General capabilities: A perspective from cognitive science

This report was originally published 26 June 2019.

Image: General capabilities: A perspective from cognitive science



General capabilities: A perspective from cognitive science, uses insights from cognitive science to explore the most effective ways of supporting students to develop key capabilities such as critical and creative thinking.

Key findings

  • This paper contributes to the conversation about how school systems can best support their students to develop the capabilities they will need to thrive in the future.
  • The debate to date has been hampered by a lack of clarity about key terms and concepts, and a range of assumptions that are not supported by evidence.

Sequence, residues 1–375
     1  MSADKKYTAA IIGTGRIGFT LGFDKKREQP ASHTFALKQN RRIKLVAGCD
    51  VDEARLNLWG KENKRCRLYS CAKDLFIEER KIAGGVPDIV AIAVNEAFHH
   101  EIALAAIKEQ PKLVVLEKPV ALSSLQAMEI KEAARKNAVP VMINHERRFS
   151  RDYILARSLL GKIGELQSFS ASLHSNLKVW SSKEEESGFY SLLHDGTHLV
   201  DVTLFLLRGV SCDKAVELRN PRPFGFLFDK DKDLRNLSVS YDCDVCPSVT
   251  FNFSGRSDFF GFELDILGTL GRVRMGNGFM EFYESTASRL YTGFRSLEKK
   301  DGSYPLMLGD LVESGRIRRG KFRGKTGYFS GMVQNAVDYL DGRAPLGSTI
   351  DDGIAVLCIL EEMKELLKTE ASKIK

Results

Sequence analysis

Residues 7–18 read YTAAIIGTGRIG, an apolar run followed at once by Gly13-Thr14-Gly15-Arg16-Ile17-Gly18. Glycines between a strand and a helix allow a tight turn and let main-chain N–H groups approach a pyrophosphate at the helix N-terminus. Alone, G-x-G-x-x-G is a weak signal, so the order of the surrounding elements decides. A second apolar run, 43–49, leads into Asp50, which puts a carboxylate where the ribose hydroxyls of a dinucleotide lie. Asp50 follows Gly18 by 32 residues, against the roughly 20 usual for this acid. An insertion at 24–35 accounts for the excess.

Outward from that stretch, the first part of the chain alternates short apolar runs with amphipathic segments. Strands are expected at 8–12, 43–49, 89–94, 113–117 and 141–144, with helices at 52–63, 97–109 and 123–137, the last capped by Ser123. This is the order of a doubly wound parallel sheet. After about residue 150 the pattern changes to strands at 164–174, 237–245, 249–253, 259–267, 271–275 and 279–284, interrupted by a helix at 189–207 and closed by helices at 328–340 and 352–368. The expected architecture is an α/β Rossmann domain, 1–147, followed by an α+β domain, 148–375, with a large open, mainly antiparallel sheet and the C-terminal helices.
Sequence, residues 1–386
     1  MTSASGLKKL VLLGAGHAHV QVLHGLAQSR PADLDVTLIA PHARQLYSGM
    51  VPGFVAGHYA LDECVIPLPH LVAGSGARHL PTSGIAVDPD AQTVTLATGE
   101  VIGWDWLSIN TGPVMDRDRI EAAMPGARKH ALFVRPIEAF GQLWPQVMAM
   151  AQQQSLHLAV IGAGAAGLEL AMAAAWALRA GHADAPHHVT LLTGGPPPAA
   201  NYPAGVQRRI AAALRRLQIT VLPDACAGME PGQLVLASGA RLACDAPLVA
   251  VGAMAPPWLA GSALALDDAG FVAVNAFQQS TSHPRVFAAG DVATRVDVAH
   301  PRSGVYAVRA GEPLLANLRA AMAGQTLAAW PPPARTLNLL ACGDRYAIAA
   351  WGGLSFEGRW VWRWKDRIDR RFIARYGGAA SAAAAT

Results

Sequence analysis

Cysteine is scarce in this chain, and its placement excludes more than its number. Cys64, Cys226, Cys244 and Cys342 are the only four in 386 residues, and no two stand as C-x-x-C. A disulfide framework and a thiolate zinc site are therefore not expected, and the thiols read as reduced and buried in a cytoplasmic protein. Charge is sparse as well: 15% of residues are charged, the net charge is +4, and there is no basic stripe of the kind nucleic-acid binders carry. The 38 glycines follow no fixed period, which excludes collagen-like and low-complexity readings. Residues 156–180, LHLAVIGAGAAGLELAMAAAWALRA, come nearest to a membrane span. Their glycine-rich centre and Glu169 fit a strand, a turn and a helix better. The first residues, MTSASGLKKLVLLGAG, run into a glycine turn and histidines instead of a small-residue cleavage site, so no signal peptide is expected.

• Cognitive science research shows that developing capabilities such as critical thinking is dependent on having content knowledge.
  • As such, general capabilities need to be developed through a deep and rich knowledge of content in each of the curriculum learning areas.

Practical implications

The publication is accompanied by a professional learning protocol to support educators to consider the implications of this research for practice in their schools.

The publication complements the findings from the department's Education for a changing world report: How to teach critical thinking by Professor Daniel T Willingham.

Further information

For more information on cognitive science and the insights it offers for education, see CESE's Cognitive load theory: Research that teachers really need to understand, and Cognitive load theory in practice.


  • Research report

Business Unit:

  • Centre for Education Statistics and Evaluation
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